Gaylen Edwards, The American Physiological Society
Damian Pattinson, PLOS
Victoria Stodden, Columbia University

To fully address the challenges and issues associated with reproducibility in science, a holistic and comprehensive assessment of traditional methods for publicizing research results is needed. This session intends to posit creative and innovative ideas that seek to address the limitations of current practices faced by authors and publishers that neither reduce irreproducibility nor promote reproducibility. For example, negative experimental findings that result from sound scientific methodology can be as, if not more, informative than positive findings, yet these negative results often have no venue for public presentation in journals. Could journals, for example, consider pre-publication approval of a study submitted by a prospective author as a means to promote best scientific practices prior to beginning experiments? These and other provocative ideas are intended to emphasize the reproducibility of scientific experimentation early on during experimental planning and design, rather than later on, trying to recover a publication from a poorly designed study.

Panel 10
IOs, Vets, and IACUCs – Making Internal Regulators Partners in Reform
Kathryn Bayne, Association for Assessment and Accreditation of Laboratory Animal Care International
Stuart Zola, Emory University
Jerry Collins, Yale University

Research scientists don’t operate in a vacuum or exist on an island. While not necessarily directly involved, the institutional environment, administration, operating procedures, and resource and facility infrastructure can significantly influence the planning, conduct, and interpretation of research studies. Such resources can thus affect the reproducibility of the research that utilizes them. However, scientists themselves will have little if any role to mitigate the effects these resources might have on a study’s reproducibility. This session will propose means and processes by which institutional officials and other persons involved in the administration can partner with researchers to implement best practices that reform the conduct and reporting of experimental studies and enhance reproducibility.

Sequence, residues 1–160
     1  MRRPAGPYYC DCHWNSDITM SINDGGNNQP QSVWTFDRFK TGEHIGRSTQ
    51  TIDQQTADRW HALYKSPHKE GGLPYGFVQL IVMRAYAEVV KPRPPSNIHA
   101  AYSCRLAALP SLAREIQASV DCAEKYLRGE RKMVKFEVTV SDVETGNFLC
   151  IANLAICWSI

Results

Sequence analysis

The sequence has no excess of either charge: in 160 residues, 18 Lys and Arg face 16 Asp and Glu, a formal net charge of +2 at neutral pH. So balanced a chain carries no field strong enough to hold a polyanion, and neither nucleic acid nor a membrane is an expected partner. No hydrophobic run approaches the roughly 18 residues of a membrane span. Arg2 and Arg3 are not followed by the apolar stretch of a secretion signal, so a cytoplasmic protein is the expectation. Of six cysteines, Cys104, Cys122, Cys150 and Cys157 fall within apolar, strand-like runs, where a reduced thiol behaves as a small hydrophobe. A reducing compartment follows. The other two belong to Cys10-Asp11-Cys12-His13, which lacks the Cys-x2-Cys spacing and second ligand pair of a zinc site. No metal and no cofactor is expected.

Panel 11
An Ounce of Prevention is Worth a Billion of Cure: Proactive Planning in the Preclinical Research Arena
John P. A. Ioannidis, Stanford Prevention Research Center
Paul Braunschweiger, CITI Program
Ghislaine Poirier, GlaxoSmithKline

This workshop has focused on problems in experimental reproducibility, how to recognize these problems, and what scientists and administrators can do to alleviate these problems. However, beyond ensuring that any study results can be replicated and reproduced by an objective third party, what about the impact of those study results, especially on creating new knowledge that contributes useful information in the preclinical arena? This session will discuss mechanisms by which the academic and commercial sectors can build bridges of communication early on in the pre-competitive space to further enhance the reproducibility of animal-based studies. It will also present some potential solutions. such interactions have the additional potential to catalyze and accelerate innovative discoveries that can have a transformative impact on science and human health. 

Concluding Remarks
Kent Lloyd, University of California, Davis